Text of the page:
Will GBAB Bounce Back in January?

The Guggenheim Build America Bonds Managed Duration Trust (ticker:GBAB) is a diversified closed end fund that invests in taxable municipal securities known as “Build America Bonds” or “BABs”. Build America Bonds were issued as part of the American Reinvestment and Recovery act of 2009. They provided state and local governments with an alternative way of financing capital projects. To help offset issuers’ borrowing costs, the US Treasury subsidized 35% of the interest paid to investors. These subsidies allow issuers to sell BABs that have a higher interest rate than tax exempt municipal bonds. Most BABs also offer higher, more attractive yields than other similar rated private bond issuers in the taxable fixed-income market.

The BAB program allows state and local governments to issue an unlimited amount of taxable debt through December 31, 2010. As of today, the program has not been extended, and many state and local governments have been issuing BAB bonds in order to get in “under the wire”. This has caused a temporary glut in the market.

The GBAB fund was started only a few months ago (inception date: October 26, 2010). The primary objective of the fund is to provide current income with a secondary objective of long-term capital appreciation.

The fund uses a two-pronged approach to keep the portfolio effective duration under 10 years:

–         Use interest-rate swaps to trade “inefficiencies” in the yield curve. There are portions of the yield curve that are relatively flat and offer decreases in duration without significant yield concessions.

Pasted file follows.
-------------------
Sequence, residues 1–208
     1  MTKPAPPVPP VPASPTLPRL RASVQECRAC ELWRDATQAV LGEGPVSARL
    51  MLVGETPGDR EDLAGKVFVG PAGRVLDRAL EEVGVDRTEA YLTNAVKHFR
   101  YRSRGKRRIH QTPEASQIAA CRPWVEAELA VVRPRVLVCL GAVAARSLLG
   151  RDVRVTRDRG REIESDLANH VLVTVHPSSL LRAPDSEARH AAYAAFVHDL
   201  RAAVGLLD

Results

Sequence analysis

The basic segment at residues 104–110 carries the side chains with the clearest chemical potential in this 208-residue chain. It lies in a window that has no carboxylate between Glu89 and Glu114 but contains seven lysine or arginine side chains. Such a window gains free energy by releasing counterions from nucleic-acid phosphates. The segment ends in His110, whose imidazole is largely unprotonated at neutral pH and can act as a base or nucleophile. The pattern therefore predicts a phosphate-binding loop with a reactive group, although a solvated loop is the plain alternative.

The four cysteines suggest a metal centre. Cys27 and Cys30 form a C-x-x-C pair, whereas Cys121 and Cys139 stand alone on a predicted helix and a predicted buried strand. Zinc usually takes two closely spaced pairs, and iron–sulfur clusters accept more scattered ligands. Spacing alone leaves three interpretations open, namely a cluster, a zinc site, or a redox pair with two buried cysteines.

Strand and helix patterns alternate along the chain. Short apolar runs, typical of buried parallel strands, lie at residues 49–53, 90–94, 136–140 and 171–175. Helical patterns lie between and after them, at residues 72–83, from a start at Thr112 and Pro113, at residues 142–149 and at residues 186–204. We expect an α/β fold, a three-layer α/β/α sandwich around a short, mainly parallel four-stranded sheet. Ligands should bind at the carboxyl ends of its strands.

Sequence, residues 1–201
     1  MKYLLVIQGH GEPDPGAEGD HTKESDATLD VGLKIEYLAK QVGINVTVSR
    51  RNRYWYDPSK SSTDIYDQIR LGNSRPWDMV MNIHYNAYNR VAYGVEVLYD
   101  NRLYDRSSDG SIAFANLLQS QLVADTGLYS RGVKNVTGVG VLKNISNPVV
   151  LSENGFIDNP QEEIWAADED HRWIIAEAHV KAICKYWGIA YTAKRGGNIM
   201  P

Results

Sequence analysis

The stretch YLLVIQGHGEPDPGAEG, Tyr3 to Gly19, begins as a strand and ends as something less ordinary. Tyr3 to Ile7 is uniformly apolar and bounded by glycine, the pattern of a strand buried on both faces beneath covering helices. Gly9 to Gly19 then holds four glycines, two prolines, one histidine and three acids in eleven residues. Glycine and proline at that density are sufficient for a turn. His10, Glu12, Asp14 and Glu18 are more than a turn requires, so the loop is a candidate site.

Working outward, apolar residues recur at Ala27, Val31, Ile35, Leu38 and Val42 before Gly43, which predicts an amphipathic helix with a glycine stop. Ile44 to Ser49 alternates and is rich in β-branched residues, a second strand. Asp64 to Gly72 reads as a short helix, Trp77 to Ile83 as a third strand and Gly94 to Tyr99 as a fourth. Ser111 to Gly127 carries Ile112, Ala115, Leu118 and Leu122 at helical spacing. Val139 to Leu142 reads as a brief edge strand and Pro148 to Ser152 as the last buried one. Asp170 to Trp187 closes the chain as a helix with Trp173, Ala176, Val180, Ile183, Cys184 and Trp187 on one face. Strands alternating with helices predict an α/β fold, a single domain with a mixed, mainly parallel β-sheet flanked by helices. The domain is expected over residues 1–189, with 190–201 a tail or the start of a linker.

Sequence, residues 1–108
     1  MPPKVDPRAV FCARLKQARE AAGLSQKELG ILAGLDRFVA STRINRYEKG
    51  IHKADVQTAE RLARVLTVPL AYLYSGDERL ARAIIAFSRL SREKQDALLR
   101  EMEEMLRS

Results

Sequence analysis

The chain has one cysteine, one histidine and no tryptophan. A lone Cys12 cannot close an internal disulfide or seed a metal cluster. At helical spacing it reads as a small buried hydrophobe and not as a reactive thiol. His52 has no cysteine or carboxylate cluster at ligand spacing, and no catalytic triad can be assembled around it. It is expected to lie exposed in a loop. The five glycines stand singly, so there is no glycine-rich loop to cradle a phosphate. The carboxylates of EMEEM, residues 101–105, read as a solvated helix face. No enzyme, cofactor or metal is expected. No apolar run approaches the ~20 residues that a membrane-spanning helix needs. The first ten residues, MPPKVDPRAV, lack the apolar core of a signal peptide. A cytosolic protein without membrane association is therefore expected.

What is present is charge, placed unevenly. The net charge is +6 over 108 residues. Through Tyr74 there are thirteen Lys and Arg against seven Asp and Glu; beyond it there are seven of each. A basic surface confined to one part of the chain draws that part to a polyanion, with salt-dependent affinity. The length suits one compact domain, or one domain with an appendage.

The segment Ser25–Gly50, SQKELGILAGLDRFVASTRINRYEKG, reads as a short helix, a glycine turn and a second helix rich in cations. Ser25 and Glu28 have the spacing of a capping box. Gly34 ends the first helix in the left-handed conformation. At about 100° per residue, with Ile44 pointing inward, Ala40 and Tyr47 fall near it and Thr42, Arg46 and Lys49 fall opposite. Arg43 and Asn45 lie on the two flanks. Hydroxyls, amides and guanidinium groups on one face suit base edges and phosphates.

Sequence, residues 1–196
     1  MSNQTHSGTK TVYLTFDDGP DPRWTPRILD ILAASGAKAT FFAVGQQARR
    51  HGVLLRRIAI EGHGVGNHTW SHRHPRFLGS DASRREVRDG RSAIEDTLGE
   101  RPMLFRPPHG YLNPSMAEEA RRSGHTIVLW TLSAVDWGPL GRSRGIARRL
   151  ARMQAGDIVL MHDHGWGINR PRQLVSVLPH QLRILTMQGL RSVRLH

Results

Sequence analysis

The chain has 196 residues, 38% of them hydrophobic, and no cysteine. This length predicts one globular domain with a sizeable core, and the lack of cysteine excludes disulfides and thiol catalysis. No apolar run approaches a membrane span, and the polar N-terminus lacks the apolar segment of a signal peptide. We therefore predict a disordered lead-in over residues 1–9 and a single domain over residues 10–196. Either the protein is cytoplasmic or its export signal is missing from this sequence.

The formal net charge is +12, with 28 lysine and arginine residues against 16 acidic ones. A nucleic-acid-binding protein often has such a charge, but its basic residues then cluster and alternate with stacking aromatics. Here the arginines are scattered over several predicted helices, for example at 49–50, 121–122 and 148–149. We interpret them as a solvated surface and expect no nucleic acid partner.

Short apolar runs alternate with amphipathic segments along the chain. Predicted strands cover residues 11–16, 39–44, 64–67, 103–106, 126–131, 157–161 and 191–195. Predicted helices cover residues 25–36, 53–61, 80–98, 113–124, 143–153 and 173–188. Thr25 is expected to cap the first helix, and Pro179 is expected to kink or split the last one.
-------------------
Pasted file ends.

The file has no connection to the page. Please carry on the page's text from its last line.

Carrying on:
–         Invest up to 20% of the portfolio assets in non-BAB securities which may consist of short-duration fixed income securities like senior loans, high yield bonds and asset-backed securities. The idea is to decrease the overall duration while potentially adding incremental yield.

There is likely a good short-term tactical trading opportunity in GBAB for the following reasons:

  1. There has likely been major tax loss selling in GBAB. The IPO was in October, and the fund has already dropped over 10% from the initial offering price of $20.
  2. Since November 30, the NAV has dropped less than 1%, while the market price has dropped a whopping 12%. The discount to NAV as of December 27 is -6.23% which is the largest discount since inception.
  3. The glut of new BAB issuance will come to an abrupt halt starting  in 2011. This change in the BAB supply demand balance should help the NAV value of GBAB in the first quarter of 2011.

Ticker: GBAB 

Guggenheim Build America Bond Fund   pays quarterly

  • Total Assets= 307 Million
  • Annual Distribution (Market) Rate= 7.96%
  • Fund Expense ratio= 1.27%              Discount to NAV= -6.23% (12/27)
  • Leverage: Up to 33% of assets.

Full Disclosure: Long GBAB in some IRA accounts.

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